It seems that Mrs. White’s highest, greatest contribution was to keep the big picture in view, sensing always the harmful consequences of false theories. Clear in her mind was the full-orbed understanding of the gospel, and any theory that blurred any aspect of the gospel got her careful and concerned attention. She steered the church away from legalism on the right and romantic fanaticism on the left, always concerned with unity and with the distinctive mission of the Adventist Church.


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1.Letter 117, 1910, cited in Selected Messages, book 3, p. 32.

2.The Great Controversy, p. 186.

3.Acts 20:28-31; Col. 2:8, 16-23; 2 Tim. 4:3-5; Titus 1:9-16.

4.“In later years I have been shown that the false theories advanced in the past have by no means been given up. As favorable opportunities come, they will have a resurrection. Let us not forget that everything is to be shaken that can be shaken.”—Life Sketches, pp. 92, 93; see Selected Messages, book 2, pp. 25-30.

5.Life Sketches, p. 83.

6.Ibid., p. 87. See also p. 50.

7.Ibid., pp. 85, 86.

8.Testimonies, vol. 1, p. 72.

9.Ibid., p. 97.

10. Testimonies to Ministers and Gospel Workers, pp. 92, 94, 97. In her writings, Ellen White referred to A. T. Jones and E. J. Waggoner more than 200 times. The emphasis given to “righteousness by faith” at Minneapolis in 1888 was distinctively different from the understanding prevailing in Protestantism during the nineteenth century, a fact that has not always been understood by those who have written of that important period.

11. Letter 82, 1888, in The Ellen G. White 1888 Materials, vol. 1, p. 182; “Brethren . . . I must tell you plainly that the course pursued toward me and my work since the Gen. Conf. at Minneapolis—your resistance of the light and warnings that God has given through me—has made my labor fifty times harder than it would otherwise have.”—Letter 1, 1890, Ibid., vol. 2, pp. 659; “the most grievous trial of my life.”—Manuscript 30, 1889, Ibid., vol. 1, p. 354; “one of the saddest chapters in the history of the believers in present truth.”—Ibid., vol. 4, p. 1796.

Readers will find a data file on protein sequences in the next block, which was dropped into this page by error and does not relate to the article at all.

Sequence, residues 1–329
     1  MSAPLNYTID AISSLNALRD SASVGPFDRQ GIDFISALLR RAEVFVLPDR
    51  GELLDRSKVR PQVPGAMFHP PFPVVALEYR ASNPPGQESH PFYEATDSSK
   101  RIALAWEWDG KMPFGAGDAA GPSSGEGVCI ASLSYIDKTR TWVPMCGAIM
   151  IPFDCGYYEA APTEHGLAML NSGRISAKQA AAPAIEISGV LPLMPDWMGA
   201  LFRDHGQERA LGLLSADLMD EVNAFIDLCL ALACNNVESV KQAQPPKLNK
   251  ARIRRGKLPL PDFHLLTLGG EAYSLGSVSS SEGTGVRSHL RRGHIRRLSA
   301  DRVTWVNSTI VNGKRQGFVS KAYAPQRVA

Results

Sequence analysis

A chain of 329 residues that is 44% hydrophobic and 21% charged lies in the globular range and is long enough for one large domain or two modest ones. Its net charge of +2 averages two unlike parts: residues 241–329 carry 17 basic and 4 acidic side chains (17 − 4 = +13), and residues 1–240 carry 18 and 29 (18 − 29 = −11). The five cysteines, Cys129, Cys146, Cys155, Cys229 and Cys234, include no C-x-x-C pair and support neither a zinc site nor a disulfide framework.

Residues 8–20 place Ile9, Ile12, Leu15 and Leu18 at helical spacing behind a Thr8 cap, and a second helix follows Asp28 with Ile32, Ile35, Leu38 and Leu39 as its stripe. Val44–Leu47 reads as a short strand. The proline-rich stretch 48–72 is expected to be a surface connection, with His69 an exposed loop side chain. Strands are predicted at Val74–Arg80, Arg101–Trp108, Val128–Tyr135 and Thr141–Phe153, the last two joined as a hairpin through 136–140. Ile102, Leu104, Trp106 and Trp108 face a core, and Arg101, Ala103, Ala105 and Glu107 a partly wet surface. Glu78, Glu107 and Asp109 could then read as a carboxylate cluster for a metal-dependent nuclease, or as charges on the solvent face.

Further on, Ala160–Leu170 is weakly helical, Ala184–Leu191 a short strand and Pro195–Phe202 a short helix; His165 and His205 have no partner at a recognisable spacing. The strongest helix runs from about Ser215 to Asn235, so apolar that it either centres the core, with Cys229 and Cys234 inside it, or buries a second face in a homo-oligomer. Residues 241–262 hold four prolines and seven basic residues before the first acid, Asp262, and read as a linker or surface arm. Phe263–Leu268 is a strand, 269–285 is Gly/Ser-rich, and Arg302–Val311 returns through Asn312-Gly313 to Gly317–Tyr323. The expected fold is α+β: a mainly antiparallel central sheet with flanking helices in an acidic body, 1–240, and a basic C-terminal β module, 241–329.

12. 1888 Materials, vol. 1, p. 152; Schwarz, Light Bearers, pp. 187-192; Faith and Works, pp. 59-84; Bio., vol. 3, pp. 416-418.

13. For a discussion of the ellipse of truth, see p. 260 and Appendix P.

14. Faith and Works, pp. 15, 16.

15. Manuscript 24, 1888, The Ellen G. White 1888 Materials (1888 Materials), vol. 1, pp. 217, 218.

16. Review and Herald, Mar. 11, 1890, pp. 1, 2; Christ’s Object Lessons, p. 48; “You may say that you believe in Jesus, when you have an appreciation of the cost of salvation. You may make this claim, when you feel that Jesus died for you on the cruel cross of Calvary; when you have an intelligent, understanding faith that His death makes it possible for you to cease from sin, and to perfect a righteous character through the grace of God, bestowed upon you as the purchase of Christ’s blood.”—Review and Herald, July 24, 1888.

17. Schwarz, Light Bearers., p. 192.

18. Faith and Works, pp. 29-58.

19. Manuscript 24, 1888, 1888 Materials, vol. 1, pp. 217-218; see also pp. 211, 212; “I have had the question asked, What do you think of this light that these men are presenting? Why, I have been presenting it to you for the last forty-five years—the matchless charms of Christ. This is what [I] have been trying to present before your minds. When Brother Waggoner brought out these ideas in Minneapolis, it was the first clear teaching on this subject from any human lips I had heard, excepting the conversations between myself and my husband. . . . When another presented it, every fiber of my heart said, Amen.”—Sermon at Rome, N.Y., June 19, 1889, Ibid., pp. 348, 349.